Having taken herself back across the Atlantic, Daisy Prince finds that what is fabulous in London is merely frou-frou in New York
ONE EMOTION I never expected to feel upon my return to New York was culture shock. Despite living in London for nine years, I never felt entirely integrated. Of course I got used to certain English things, like laughing at sarcasm the first time around, and pies that were filled with meat and fish instead of cream and fruit. But, on the whole, I always retained my American sensibilities.
However, since moving back I have noticed the effect all those years living abroad had on me. For instance, I find it bizarre when Americans expose their private lives less than ten seconds after meeting me. When I was signing up for my local gym, the saleswoman gave me a full run-down on the nitty-gritty of her personal life, spanning her marriage, her struggles to have children, and why she wasn’t great at relationships. This was all before I could squeak out, ‘Are the spinning classes any good here?’
Another difference I’ve noticed is the lack of emphasis on dinner as a ritual. If you throw a dinner party in New York, it’s quite normal for people to say they are coming and then simply not turn up on the night. That sort of action would easily get you banned from most English households.
The formula that seems to work best is cocktails at our apartment, then on for dinner somewhere really fun. We have discovered a great dive called the Knickerbocker around the corner which was once a mafia hangout and has steaks so large they hang over the sides of the plate. Annoyingly, there is no New York equivalent of Annabel’s to pop into for a drink afterwards, so usually it’s on to one of myriad pseudo-speakeasies that popped up during the recession.
These new establishments, normally located in the back of a Chinese takeaway, are best known for their lethal cocktails, and you can smoke copious amounts of illegal cigarettes while being sandwiched between a drunken trader and a tattoo artist who works with knives called ‘Flick’.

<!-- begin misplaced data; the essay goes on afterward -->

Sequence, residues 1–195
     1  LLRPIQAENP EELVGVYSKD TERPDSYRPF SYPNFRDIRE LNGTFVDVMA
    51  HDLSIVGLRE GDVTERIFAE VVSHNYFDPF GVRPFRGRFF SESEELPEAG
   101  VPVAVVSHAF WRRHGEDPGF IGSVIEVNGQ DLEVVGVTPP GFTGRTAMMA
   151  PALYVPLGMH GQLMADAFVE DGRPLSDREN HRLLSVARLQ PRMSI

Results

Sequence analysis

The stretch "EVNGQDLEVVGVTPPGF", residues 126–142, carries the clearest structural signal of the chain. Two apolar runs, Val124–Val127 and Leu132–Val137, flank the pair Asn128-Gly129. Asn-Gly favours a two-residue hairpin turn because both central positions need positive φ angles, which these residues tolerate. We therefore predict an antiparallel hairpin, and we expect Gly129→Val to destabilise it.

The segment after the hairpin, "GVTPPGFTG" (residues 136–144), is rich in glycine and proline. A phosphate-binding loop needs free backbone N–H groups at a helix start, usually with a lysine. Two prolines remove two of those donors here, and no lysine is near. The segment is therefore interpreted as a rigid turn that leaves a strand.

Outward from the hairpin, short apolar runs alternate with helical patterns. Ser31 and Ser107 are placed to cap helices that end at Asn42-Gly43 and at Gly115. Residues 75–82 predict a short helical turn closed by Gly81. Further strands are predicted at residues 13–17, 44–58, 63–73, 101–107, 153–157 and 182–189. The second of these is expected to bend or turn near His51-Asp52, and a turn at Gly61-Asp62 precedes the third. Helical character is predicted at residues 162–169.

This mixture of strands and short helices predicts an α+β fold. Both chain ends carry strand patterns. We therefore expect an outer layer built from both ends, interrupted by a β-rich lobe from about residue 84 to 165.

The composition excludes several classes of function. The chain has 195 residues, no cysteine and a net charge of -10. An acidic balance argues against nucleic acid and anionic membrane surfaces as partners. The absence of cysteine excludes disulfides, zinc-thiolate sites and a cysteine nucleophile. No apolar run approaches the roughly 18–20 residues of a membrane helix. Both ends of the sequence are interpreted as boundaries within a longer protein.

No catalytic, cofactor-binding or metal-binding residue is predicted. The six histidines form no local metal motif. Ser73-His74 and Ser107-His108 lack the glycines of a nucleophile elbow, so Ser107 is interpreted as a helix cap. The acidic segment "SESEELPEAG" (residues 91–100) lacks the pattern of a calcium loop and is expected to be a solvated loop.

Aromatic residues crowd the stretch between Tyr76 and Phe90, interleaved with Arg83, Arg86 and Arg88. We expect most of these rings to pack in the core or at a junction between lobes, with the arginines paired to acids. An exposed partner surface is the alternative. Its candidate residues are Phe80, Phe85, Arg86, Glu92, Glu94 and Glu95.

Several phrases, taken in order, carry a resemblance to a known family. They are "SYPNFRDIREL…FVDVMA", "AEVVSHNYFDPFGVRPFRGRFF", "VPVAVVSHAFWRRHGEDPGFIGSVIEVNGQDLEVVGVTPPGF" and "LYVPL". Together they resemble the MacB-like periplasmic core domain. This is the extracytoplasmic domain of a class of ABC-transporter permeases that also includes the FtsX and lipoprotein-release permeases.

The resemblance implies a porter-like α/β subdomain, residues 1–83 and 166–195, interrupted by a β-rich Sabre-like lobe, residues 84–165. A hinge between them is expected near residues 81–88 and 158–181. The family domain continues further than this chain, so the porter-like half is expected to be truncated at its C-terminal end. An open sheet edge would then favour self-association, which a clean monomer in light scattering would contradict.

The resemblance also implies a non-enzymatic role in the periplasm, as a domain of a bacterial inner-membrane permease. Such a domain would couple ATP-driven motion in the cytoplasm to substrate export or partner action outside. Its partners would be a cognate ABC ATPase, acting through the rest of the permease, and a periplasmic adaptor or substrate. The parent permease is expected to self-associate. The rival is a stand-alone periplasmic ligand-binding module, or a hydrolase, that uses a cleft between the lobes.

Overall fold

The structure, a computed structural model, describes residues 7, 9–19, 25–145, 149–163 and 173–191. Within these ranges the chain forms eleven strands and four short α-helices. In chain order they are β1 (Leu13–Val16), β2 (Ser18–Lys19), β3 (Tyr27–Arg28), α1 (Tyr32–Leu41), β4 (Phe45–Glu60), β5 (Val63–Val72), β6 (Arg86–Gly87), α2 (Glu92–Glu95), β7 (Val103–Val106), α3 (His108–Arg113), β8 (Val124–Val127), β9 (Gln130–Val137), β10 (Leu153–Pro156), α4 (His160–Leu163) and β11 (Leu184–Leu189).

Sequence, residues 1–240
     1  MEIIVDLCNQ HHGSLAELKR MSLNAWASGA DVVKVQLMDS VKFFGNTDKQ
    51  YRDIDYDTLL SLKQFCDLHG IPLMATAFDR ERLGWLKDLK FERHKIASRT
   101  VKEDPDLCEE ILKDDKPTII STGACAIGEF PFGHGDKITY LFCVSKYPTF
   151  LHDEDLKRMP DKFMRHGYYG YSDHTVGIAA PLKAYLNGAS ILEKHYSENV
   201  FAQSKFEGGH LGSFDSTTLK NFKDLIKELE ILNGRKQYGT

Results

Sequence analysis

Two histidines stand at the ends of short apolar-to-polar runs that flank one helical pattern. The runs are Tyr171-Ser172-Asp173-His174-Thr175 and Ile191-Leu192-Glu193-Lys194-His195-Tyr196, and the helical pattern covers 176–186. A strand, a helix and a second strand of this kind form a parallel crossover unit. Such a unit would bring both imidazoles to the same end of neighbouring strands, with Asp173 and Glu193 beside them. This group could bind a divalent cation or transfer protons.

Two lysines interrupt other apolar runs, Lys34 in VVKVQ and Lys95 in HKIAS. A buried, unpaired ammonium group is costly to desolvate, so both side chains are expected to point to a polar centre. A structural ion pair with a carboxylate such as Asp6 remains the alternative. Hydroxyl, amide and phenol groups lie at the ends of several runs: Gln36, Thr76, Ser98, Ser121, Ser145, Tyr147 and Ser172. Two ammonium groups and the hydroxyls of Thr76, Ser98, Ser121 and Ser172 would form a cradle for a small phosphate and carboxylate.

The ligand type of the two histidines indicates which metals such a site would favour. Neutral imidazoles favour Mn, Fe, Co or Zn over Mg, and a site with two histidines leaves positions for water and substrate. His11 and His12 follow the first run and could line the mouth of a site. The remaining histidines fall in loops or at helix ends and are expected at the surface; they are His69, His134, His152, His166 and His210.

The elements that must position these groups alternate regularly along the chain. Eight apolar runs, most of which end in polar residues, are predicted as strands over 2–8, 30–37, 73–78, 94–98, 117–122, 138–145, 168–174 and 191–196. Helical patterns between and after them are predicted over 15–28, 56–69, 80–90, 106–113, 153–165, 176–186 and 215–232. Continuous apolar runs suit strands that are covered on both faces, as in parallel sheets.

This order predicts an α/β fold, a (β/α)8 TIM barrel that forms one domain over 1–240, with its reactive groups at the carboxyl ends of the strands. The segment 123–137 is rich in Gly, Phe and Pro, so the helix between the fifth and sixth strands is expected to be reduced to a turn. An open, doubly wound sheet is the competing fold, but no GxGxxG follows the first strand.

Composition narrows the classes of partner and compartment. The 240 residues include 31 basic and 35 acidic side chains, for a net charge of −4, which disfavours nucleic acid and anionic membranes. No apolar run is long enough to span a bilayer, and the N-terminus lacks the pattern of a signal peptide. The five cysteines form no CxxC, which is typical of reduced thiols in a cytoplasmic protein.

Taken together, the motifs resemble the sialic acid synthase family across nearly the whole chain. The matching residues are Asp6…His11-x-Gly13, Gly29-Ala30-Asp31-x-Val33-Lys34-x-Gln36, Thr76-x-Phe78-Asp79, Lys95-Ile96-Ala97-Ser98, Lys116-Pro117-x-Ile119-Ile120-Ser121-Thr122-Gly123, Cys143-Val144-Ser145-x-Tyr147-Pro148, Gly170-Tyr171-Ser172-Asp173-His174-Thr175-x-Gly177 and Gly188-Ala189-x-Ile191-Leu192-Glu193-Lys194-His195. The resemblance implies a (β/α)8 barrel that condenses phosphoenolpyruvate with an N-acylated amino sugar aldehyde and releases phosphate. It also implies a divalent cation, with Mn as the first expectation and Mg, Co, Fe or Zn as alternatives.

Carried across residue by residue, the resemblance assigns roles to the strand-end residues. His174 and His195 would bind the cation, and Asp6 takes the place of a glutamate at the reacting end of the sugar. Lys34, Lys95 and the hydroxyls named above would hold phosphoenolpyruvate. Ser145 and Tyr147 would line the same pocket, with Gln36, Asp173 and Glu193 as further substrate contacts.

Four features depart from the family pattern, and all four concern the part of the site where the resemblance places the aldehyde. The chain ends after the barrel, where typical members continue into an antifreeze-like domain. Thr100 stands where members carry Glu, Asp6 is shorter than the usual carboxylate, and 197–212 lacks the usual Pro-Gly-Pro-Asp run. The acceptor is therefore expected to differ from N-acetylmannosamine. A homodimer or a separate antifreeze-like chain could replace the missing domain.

Drinking and the gym aside, the area in which I really noticed the effect my prolonged stay in England had on me was in the very area which I had been marked as too American to begin with: my clothes. The difference in dress between London and New York is as important as the subtle differences in culture and can lead to as many misunderstandings.
YEARS AGO, WHEN I visited the Badminton Horse Trials (a notoriously shabby chic event), I was ignorant of the unofficial dress code, which consisted of jeans, Hunter wellies and a tattered old Barbour jacket usually smelling of labradors. I turned up in my smartest outfit, a powder blue Moschino suit. I blame my lack of sartorial savvy on Four Weddings and a Funeral.
We walked to the beer tent, where I spent most of the time tugging my high heels out of the mud. It was as though Christmas had come early for the public schoolboys who thought that it was more entertaining to gawk at the American girl so clearly out of place than watch the horses.
Back in New York, I recently had a similar experience. I was invited to the opening night show for a graffiti artist in a fashionable Chelsea art gallery. The achingly hip crowd were all wearing the ‘I put on the first thing I saw on the bedroom floor’ look which is so popular with the East End Trustafarian gang. I had arrived straight from my Greenwich Village apartment wearing what I thought would blend in nicely with the fabulous gathering. I was wrong.
My long brown skirt, tight black shirt, heels and pearl earrings marked me out as a classic Wasp trying to look ‘downtown’. I was unmasked by a famous PR who turned to me kindly and said, ‘How nice of you to come all the way from the Upper East Side.’
Back in my apartment, I surveyed my closet and realised that it was entirely English: a multitude of tops and jeans, tweed jackets for shooting weekends and elegant yet demure cocktail dresses for black-tie evenings. One large sartorial distinction between UK and US dressing is that ‘black tie’ in the US means super-formal — normally long dresses. New York dressing seems more casual on the surface but the grooming is more comprehensive. Glossy hair and polished nails are a must but as they are cheap and plentiful, they slip nicely into routine here.
If I’m looking about normal-to-scruffy for New York standards, my LA look is definitely sub-par. After a recent trip to LA to work for Vanity Fair at its Oscars party, I can tell you that all the stories of LA glamour are true. I have never seen a group of people more stunning in the flesh than the ladies of LA.
Their bodies were toned to sinewy perfection and their skin and hair glowed. Living out there might be taking life too seriously; for the moment, I think that my culture shock is best mitigated by seeing old friends here and drinking the perfect martini — something that is quite easy to assimilate to.